To close, let me share these quotes from the brochure by contemporaries describing their paintings:

Frank Stella: “What you see is what you see”.

James Nares: “What you see, is what was there”.

More info on the show with video and audio items on MAM site here!

Hedwig and the Angry Inch

This is a reprint of my remarks about “Hedwig and the Angry Inch” at the Milwaukee Repertory Theater presented in their Stiemke Studio during the 2019 – 2020 season. This originally appeared on my Facebook timeline February 1, 2020.

“You Kant Always Get What You Want” is the punchline to a joke in the Milwaukee Repertory Theater’s Hedwig and the Angry Inch. You will understand when you see this musical. And this is a musical unlike most others…it relies on punk rock and glam rock in a rock club or cabaret setting to present the story. For Milwaukeeans of a certain age, think the old Teddy’s or Humpin’ Hannah’s or Zaks. The genre isn’t as shocking as it probably was when it was first introduced but it still makes an impact. And if you are lucky enough to get cabaret table seating down front, you will be part of the show.  And the roadies will keep offering you ear plugs…because this is after all a rock concert…but unless you have sensitive ears…you probably don’t need them and you don’t want to miss Hedwig’s direct monologues to the audience.

And of course in the past twenty years, society’s relationship and understanding of the varieties and expressions of sex and gender have matured, but this musical remains as culturally and socially relevant as ever because we still have a long way to grow. You just may view it a bit differently that the younger you would have. And Hedwig’s story is compelling and moving and is ably told through song and her interactions with the audience…and a few asides and distractions that pull us along. “Tommy can you hear me?

Matt Rodin as Hedwig is phenomenal. The character is totally believable and you accept her immediately. And Matt carries the songs both vocally and theatrically. I love him in this role. You will be jealous of his voice and his legs and his boots (yes you will).

And then there’s Yitzhak, played by Bethany Thomas. My goodness can she just push a song to its ultimate limit and beyond. Both her support vocals and solos are astounding. You may remember her from the Stackner Cabaret presentation of Songs for Nobodies. I don’t think there’s anything she can’t sing and make you feel it.

So besides the acting and music…there’s a real story here. Some history around the division of Europe and the fall of the Berlin Wall and how that affected real people. Culture shock of moving from that culture to America. And the questions that we all share at some level or another, around sex and gender and love and support and who am I and why do I love/hate you and why do I need to be here?

So yes, see this. You will feel. And you will leave satisfied.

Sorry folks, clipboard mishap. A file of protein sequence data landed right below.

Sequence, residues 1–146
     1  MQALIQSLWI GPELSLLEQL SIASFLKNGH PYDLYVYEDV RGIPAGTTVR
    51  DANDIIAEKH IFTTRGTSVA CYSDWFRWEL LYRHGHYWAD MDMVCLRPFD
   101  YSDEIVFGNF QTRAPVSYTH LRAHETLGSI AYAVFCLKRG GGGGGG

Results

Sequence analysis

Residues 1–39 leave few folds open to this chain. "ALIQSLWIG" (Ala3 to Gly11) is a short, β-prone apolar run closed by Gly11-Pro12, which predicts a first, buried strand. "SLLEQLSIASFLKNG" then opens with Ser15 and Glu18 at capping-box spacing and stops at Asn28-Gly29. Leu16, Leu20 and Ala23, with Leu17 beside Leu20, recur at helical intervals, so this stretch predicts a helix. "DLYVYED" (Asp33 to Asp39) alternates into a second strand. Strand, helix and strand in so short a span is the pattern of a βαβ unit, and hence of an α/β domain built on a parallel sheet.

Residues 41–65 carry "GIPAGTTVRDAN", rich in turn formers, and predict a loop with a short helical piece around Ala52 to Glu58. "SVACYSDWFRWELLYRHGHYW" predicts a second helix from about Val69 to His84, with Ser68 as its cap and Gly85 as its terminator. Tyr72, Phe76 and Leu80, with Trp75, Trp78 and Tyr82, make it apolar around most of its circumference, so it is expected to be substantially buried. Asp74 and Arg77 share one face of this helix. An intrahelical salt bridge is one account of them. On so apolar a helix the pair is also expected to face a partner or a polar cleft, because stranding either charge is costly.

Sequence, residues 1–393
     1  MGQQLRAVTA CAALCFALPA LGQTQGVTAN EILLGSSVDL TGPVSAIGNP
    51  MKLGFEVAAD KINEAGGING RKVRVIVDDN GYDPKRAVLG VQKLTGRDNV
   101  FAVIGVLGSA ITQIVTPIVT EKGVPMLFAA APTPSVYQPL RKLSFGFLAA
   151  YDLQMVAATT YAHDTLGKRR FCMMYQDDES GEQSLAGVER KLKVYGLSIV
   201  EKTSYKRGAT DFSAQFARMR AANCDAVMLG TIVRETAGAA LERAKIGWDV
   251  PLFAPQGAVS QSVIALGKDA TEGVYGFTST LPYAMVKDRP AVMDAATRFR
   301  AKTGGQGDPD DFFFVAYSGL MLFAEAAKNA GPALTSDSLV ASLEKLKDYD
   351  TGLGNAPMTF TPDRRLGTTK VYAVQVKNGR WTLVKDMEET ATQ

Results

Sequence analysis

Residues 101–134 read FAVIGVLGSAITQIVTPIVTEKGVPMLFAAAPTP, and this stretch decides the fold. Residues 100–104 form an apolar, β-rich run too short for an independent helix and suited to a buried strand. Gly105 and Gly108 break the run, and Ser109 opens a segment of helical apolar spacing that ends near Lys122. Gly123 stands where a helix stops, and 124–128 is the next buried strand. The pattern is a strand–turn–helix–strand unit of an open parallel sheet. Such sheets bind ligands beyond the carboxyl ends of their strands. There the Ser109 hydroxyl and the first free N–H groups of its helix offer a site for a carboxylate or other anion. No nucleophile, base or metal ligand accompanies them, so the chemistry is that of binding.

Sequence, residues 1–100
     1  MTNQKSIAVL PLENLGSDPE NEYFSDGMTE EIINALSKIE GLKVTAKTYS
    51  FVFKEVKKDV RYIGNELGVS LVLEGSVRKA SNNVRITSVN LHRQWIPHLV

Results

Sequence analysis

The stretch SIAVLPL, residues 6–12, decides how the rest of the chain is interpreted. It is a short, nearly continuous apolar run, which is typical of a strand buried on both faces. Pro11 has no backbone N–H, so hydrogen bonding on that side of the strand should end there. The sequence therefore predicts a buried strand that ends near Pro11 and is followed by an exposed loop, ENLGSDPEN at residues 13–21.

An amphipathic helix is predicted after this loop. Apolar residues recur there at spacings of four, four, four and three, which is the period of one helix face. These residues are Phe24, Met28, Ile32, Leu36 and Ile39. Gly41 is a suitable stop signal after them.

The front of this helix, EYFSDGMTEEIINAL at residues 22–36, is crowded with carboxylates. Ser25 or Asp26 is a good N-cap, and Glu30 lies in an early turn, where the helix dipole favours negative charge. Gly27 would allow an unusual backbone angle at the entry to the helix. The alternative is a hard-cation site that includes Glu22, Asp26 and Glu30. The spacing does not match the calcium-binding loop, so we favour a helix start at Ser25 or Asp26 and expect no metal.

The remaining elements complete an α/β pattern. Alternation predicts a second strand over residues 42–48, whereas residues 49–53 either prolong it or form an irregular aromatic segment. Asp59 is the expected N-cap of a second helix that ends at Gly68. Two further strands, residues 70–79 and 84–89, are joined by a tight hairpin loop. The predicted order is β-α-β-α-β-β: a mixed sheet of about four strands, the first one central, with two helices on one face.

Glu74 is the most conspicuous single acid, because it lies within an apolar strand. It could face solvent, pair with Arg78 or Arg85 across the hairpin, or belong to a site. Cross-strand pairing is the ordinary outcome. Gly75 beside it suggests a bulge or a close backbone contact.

Text by John Cameron Mitchell, Music and Lyrics by Stephen Trask

Directed by Mark Clements

January 28 – March 8, 2020

Stiemke Studio

Chasin’ Dem Blues: Untold Story of Paramount Records

This is a reprint of my remarks about “Chasin’ Dem Blues” at the Milwaukee Repertory Theater presented in their Stackner Cabaret during the 2019 – 2020 season. This originally appeared on my Facebook timeline January 23, 2020.

Ever leave the Milwaukee Rep’s Stackner Cabaret thinking you’d like to hear another song or two? Well, with Chasin’ Dem Blues that isn’t likely going to be the problem. You will hear all or part of 34 blues songs during the show. So you are going to hear rousing renditions of your favorite blues standards and a few you probably don’t know! And you will whoop and hoot and clap along and join in with the sing along in the second act. Trust me on this.

Photo by Michael Brosilow.

There are four actors in Chasin’ Dem Blues. And the standout is Maiesha McQueen! Her presence and voice just fill the room from lights up to lights out! And Brandin Jay ain’t no slouch either! He will keep you mesmerized as well. And then there is Eric Noden…guitarist extraordinaire plus banjo and blues harp and James Scheider on piano and vocals (and he can dance!). None of them get a rest…for 34 blues songs!

And the side gift here is a brief history of the Grafton Chair Company, the parent company of Paramount Records, who made race records in Grafton Wisconsin. If you weren’t a scholar of the blues who knew what and where, well you will!!

One quibble: this is the blues and it needs a bottom. A bass guitar would be handy (but I may be biased having played bass in blues bands in college). But really, just mike that acoustic piano. Mr. Scheider is rolling the barrelhouse, walking the 12 bar blues, and rocking the boogie woogie but his left hand just gets lost in the mix.

Chasin’ Dem Blues: Untold Story of Paramount Records

Written and Directed by Kevin Ramsey

January 17 – March 22, 2020

Stackner Cabaret